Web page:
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Getting Organized: Planning website projects

Engraved Image from a book of renaissance machines depicting a two-story machine with the gears on lower floor of the building.
Agostino Ramelli “Le Diverse et Artificiose Machine”, 1588

With the management of a large, ever-changing website comes the management of the individual projects that make up that website. The Smithsonian Libraries’ website is made up of many components, most of which were or are treated as smaller projects that have limited or ongoing scope. We’re in the process of testing and refining a documentation process by which our staff can propose and define additions to our site.

Given the diverse nature of our content and the varied expertise of our staff in a wide range of topics, we planned and developed our website such that any of our staff could manage the content for which they are an authority. At the same time, we knew we needed a process by which our staff could request changes to the site beyond simple content changes to existing pages.

To this end, the Web Services Department developed a document to help our staff plan the development of a new section of our site. The document is cleverly called the “Web Project Planning Document”.

The document is designed with two goals in mind:

  1. Collect the information necessary for the Web Services Department to build the project into the website.
  2. Guide our staff through all of the things that need to be considered when developing for the web.

Generally speaking, we cover the  who, what, when, where, why, and how of the project. But since that’s a bit vague, the topics that are included in the document are:

  • The version of the planning document to help track changes.
  • Instructions on how to use the planning document.
  • An overview or summary of the project.
  • The business need or problem that is being filled.
  • Target audience.
  • Desired time frame for completing the project.
  • Staffing needs.
  • Strategic information and relationships to other documents.
  • Grant or funding information and requirements.
  • A description of the content or data for the project.
  • Specific functions or activities of the website.
  • Wireframes or sketches of the pages of the website.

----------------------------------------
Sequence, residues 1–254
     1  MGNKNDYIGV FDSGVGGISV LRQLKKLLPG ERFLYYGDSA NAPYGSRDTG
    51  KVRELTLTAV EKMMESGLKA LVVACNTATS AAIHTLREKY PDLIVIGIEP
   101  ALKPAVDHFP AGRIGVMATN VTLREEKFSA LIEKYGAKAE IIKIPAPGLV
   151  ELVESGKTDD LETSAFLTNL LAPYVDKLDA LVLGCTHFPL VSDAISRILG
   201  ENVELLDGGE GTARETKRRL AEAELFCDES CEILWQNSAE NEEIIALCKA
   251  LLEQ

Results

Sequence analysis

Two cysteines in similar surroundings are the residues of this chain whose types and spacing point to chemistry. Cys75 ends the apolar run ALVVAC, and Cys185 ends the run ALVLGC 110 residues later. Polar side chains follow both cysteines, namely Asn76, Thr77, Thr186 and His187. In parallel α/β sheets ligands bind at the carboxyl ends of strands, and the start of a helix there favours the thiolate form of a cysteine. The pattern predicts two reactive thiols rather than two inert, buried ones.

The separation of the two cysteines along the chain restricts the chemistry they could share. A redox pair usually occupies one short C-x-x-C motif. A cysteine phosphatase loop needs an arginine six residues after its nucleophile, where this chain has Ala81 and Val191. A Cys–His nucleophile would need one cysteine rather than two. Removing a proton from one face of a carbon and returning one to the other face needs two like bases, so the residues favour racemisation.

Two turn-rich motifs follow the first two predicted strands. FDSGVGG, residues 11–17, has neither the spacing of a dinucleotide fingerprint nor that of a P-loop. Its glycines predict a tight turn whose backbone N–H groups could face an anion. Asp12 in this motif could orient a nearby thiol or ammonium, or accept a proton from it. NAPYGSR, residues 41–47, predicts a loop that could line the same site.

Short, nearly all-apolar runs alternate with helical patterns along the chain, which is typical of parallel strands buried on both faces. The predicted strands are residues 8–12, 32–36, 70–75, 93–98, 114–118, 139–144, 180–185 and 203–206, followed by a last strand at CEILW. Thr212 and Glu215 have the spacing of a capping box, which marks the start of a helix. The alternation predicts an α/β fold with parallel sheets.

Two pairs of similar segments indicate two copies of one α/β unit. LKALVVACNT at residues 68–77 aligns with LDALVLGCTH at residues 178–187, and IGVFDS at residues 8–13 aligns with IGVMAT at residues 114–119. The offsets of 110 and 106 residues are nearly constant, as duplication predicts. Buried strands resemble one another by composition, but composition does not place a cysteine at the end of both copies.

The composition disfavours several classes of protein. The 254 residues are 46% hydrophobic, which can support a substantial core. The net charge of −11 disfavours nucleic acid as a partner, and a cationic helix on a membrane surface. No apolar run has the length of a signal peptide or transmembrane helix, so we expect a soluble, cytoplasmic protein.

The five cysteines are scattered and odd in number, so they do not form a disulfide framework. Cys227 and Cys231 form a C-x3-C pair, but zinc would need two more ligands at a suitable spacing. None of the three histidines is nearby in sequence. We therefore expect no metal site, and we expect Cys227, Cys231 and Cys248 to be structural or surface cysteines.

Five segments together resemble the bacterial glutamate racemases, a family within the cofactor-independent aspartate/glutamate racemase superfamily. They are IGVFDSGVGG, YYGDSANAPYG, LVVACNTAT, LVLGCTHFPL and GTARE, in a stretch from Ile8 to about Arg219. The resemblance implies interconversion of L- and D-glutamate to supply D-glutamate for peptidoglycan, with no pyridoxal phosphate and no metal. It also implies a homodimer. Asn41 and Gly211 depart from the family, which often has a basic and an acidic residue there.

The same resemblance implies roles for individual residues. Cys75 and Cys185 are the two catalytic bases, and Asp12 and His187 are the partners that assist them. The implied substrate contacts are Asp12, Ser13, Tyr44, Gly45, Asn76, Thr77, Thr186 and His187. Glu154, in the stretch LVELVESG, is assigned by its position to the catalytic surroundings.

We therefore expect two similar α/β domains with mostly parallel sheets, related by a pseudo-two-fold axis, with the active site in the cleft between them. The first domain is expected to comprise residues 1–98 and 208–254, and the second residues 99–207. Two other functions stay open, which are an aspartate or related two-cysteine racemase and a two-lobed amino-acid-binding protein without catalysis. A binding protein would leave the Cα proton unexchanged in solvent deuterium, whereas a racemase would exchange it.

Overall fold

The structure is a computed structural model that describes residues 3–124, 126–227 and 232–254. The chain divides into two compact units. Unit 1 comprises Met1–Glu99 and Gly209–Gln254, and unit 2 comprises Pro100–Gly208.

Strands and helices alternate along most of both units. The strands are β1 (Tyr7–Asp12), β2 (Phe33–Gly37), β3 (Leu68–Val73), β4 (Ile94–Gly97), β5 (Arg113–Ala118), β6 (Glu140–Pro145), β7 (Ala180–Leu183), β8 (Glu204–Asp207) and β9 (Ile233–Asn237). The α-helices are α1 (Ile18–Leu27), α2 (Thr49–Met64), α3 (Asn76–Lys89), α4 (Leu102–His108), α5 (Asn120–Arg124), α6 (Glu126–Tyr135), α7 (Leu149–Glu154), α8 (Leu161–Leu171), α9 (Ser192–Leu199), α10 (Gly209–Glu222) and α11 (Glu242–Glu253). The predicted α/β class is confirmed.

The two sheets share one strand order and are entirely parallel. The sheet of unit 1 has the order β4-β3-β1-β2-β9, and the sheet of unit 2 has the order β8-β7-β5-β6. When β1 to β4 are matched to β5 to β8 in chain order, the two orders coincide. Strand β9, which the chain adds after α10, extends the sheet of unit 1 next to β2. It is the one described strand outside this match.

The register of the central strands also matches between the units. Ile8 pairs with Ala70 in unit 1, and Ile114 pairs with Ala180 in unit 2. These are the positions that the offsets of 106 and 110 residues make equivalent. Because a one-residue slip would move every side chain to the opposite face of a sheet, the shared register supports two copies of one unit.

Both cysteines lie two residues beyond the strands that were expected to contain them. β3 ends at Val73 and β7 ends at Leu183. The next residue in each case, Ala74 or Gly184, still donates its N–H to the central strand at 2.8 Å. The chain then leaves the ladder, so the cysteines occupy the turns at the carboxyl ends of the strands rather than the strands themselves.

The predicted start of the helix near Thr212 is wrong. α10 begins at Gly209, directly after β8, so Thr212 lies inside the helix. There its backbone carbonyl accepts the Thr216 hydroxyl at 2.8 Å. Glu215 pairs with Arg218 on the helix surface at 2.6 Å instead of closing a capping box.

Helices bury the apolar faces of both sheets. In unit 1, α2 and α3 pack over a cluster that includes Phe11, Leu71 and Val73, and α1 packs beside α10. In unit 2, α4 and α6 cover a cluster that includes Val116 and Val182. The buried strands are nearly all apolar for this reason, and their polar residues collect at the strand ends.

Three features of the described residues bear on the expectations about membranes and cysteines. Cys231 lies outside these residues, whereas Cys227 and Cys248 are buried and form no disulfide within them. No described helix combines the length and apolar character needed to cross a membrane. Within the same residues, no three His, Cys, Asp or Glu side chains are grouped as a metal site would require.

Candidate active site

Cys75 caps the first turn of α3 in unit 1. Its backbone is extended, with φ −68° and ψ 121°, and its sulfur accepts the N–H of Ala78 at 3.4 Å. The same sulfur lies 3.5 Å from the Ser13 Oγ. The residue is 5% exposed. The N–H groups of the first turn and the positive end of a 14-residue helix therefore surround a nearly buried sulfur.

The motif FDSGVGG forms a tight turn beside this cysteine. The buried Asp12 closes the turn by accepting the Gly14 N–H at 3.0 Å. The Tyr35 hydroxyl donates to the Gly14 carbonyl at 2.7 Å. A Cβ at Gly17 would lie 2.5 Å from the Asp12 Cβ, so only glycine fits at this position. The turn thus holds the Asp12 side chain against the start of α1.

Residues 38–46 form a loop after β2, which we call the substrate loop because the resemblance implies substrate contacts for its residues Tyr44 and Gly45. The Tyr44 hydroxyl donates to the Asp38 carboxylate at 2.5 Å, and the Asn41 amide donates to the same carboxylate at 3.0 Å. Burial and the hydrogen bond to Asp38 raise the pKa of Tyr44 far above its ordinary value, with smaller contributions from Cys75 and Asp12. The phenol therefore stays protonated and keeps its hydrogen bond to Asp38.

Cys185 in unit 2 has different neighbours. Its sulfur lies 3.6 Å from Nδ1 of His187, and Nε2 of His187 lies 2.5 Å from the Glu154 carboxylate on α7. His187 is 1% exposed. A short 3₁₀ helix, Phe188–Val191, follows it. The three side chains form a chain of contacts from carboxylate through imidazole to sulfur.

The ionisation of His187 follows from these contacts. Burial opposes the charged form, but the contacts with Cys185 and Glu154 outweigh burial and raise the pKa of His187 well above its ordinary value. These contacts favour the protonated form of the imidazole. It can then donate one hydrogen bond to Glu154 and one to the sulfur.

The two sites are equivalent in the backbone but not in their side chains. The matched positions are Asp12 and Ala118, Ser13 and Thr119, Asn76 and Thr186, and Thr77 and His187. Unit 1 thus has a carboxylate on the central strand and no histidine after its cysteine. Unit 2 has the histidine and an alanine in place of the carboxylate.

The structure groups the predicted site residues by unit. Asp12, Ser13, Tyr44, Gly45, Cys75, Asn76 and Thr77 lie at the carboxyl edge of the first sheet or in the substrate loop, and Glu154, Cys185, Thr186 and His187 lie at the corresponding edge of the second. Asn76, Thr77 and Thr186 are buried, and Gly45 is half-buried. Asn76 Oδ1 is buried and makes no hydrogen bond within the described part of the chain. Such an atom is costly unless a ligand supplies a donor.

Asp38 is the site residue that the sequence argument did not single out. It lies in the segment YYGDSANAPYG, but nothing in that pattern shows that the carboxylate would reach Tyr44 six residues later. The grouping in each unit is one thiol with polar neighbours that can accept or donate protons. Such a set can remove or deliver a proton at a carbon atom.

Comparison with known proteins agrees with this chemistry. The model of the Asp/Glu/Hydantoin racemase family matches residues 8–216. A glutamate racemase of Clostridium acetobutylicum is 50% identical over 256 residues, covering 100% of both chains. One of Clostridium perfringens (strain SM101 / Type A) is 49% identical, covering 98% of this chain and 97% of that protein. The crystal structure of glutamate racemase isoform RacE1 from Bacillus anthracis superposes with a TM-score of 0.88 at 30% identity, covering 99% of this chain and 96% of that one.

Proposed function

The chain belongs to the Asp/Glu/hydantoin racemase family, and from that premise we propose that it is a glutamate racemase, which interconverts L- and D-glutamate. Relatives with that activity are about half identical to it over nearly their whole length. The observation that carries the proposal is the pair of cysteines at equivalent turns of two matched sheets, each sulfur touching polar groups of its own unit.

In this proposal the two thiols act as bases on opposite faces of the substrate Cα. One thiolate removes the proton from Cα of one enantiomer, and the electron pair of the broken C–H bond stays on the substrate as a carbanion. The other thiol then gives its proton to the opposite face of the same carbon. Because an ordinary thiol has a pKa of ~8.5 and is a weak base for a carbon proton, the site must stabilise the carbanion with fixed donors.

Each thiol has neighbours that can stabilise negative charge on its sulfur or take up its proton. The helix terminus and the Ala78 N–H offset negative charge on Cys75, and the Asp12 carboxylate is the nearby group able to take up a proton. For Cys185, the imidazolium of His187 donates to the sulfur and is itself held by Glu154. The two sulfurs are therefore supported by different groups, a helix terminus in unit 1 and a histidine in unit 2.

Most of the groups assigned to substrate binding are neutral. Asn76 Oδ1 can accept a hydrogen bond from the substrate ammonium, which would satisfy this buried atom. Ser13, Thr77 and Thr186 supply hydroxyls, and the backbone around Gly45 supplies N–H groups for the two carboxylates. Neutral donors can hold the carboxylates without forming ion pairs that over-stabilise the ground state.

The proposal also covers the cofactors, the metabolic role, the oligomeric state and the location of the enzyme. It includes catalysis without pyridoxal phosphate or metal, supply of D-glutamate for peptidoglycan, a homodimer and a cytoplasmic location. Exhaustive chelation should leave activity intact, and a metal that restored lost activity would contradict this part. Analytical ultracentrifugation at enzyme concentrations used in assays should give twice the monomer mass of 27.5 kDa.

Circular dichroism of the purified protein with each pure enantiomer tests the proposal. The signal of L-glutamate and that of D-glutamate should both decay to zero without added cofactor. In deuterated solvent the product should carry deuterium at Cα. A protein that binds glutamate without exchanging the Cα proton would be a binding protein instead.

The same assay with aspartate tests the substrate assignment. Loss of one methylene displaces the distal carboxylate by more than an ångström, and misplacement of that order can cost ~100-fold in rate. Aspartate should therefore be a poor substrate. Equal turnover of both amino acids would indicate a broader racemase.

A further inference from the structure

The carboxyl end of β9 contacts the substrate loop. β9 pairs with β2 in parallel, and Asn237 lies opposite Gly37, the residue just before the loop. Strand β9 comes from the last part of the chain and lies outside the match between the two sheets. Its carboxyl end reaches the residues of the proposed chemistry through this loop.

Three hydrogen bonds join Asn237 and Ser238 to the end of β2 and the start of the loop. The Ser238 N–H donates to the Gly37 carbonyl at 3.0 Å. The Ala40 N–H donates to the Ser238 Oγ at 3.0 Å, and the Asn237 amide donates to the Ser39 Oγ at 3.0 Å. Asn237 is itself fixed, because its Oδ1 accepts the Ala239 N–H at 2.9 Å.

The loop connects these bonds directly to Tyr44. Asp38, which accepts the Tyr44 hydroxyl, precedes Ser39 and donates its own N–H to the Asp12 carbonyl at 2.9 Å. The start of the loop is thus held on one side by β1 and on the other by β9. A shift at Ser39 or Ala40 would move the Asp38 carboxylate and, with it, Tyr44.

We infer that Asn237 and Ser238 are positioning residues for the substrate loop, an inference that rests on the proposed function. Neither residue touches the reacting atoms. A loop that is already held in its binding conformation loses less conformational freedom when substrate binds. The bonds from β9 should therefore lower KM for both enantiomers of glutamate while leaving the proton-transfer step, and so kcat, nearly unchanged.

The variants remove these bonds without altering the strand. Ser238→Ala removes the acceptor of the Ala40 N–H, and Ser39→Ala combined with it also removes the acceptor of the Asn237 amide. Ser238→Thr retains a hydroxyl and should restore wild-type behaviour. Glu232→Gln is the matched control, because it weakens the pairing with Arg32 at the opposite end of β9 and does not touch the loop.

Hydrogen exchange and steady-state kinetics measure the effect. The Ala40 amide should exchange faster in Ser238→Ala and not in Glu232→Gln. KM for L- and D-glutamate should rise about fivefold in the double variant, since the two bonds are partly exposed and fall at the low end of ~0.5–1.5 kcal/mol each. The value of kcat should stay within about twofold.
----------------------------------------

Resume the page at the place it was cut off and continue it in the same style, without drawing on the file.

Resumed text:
• Communication and “marketing” needs.
  • Training plan.
  • Ongoing maintenance plan.
  • Technical needs and Web Services Staffing.

There are many items on this list and though it may seem like there is a lot to cover, some of these are simply yes or no questions to indicate that this is part of a larger puzzle or that there are other things that need to be considered.

Also, it should be clear that not all of these can be filled in by the staff member making the request. Some of these must be filled in by the Web Services Department staff. For example, the “Specific functions or activities of the website” can be described by the requestor, but the Web Services Staff needs to plan the technical details and implementation of the function which often raises other questions.

The ultimate goal of this document is to streamline the process, reduce the number of meetings we have, and document the project both for current , ongoing  and future needs.

So far, we have used this document for two completed projects, with two in active development, and at least two more (that we know of) in the works. The idea behind the document is that the Web Services department doesn’t really know about a project until we receive the first draft of the document per the instructions. It’s at this point that we get a chance to look at it, start our technical analysis of the project, and meet with the project owner before handing it to our Digital Library planning group for further consideration and discussion.

Up until now, we have received positive feedback on the document, but we recognize that it, and the process that supports it, can always be improved or altered to work better in our organization.

Do you work on a website? Do you have a process similar to this? If you do, let’s hear about it in the comments!

Happy coding!


  1. Do you know of examples of publically available documents similiar to yours?

    • Joel Richard


      I don’t know of any off the top of my head that are similar to what we use here at the Smithsonian Libraries. Then again, I think it’s worth noting that the document I use is directly related to my past experience in web development combined with the needs and varied skills of our staff.

      For example, in the past, I didn’t need to ask a client to define their audience since they already knew. But here at the Libraries, we have a few difference audiences and we usually need to take that into account.

      Having said that, I think I might do a follow-up blog post about what’s actually contained in our document. And maybe an analysis of what’s missing and could be added in the future.

  2. Great idea. Such a big project requires some thought and planning and having a document to control it all is great.
    The site is looking good too!

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